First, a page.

Codeless tracking vs Track Events

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Pendo supports both codeless tracking and Track Events for collecting data.

Codeless tracking

Codeless tracking refers to the collection of data, and displaying of guides, without manually inserting code for every interaction within your mobile application. The Pendo mobile SDK provides codeless, retroactive analytics across all of your app versions and supports in-app messages, tooltips, and multi-step walkthrough guides built with Pendo’s Visual Design Studio. Retroactive analytics means that data collection begins immediately after installing the Pendo mobile SDK.

The Pendo Mobile SDK automatically tracks user actions, such as screen views, button clicks, and other in-app interactions, without developers needing to code them explicitly. For more information about the frameworks supporting codeless tracking, see Supported mobile frameworks.

Track Events

A Track Event is a specific type of event that you can configure to gain insights into user interactions within your app. Track Events programmatically notify Pendo that a particular action occurred at a specific time and associate this event to a designated visitor and account. You can define custom metrics that are relevant to your app’s functionality or business objectives, then partner with your engineering team to implement tracking code using the Pendo SDK.

Track events can include both client-side (e.g., user actions, app events) and server-side events (e.g., API calls, server responses, error codes). Track Events allows you to record any actions your users perform, together with any properties that describe the action so you can track user behavior in your mobile apps and use Pendo's analytics. Track events can also be used to trigger in-app guidance.

Note: Track Events is supported alongside codeless, retroactive analytics. For more information, see Supported mobile frameworks.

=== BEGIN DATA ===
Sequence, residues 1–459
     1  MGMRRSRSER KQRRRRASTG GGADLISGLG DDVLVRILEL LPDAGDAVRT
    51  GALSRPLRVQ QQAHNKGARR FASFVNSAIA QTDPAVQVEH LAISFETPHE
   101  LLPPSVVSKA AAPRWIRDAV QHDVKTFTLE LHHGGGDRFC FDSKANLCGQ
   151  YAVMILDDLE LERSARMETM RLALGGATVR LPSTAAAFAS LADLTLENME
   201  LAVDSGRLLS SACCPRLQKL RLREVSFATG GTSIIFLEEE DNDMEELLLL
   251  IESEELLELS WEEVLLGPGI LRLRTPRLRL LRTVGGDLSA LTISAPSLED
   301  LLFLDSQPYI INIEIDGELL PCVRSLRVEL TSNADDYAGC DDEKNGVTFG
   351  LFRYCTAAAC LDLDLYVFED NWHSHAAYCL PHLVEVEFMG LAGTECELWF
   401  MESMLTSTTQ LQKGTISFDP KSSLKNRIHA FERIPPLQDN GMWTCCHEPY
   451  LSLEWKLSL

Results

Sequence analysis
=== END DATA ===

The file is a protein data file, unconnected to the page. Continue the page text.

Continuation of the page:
Track Event support is available on frameworks currently not supported by a codeless solution. For more information, see Supported mobile frameworks.

Track Events use cases

Track Events are available in all supported frameworks. In frameworks without codeless support, you can use them to supplement the clicks and page views.

You can use Track Events to report on any event happening in your app, such as:

  • Change of a user's status
  • Actions performed by your user, such as important business transactions.
  • Input fields, such as search terms, to understand the most common searches.
  • Data about elements interacted with.
  • App exceptions & errors (with details. Track(“Error” Type=”400” Description=”[text]”))
  • Events with data fields. For example, when a user taps on a property record in a Real Estate app, and wants to capture details, such as address, price, type, of the viewed record.
  • Field entry values, like a search field input. Avoid collecting any fields that might contain PII or PHI.
  • Background tasks that do not have a UI element, such as Uploaded a File, Downloaded a file.
  • Device metrics, such as signal strength.
  • IoT device status and properties. For example, connected fitness monitor battery level, signal strength or DBM or RSS
  • Displaying guides after a background process starts or completes
  • Any place you may want a guide to display based on a Track Event property at the time of interaction.

In general, you can trigger guides on app launch, page views, clicks and Track Events. If using a Track Events-only framework, you can supplement the codeless events, such as click and page views, with a Track Event to trigger a guide. Tooltips are not available with Track Events.

Track Events for Track Event-only solutions

When planning which track events to have your engineers develop for your mobile app, there are several important considerations. Here are some key points to think about:

  • Strategic objectives. Start by aligning track events with the strategic objectives of your product. What are some key metrics that indicate success of your application? Track events should be directly tied to those metrics to ensure that you’re collecting relevant data.
  • User journey mapping. Understand the user journey within your app. Identify key touch points and interactions that users have with your product. This allows you to determine which events are most important to track to gain insights into your user’s behavior.
  • Feature usage. Monitor how users are interacting with specific features within your app. Track events related to feature usage help to understand which features are most popular and which may require improvement. This can help prioritize development efforts and guide product roadmap decisions.
  • Error tracking. Consider tracking errors within your app. These events are critical for identifying technical issues that may impact the user experience negatively. By monitoring server responses that indicate an error has occurred, you can quickly assess issues and improve overall stability and performance.
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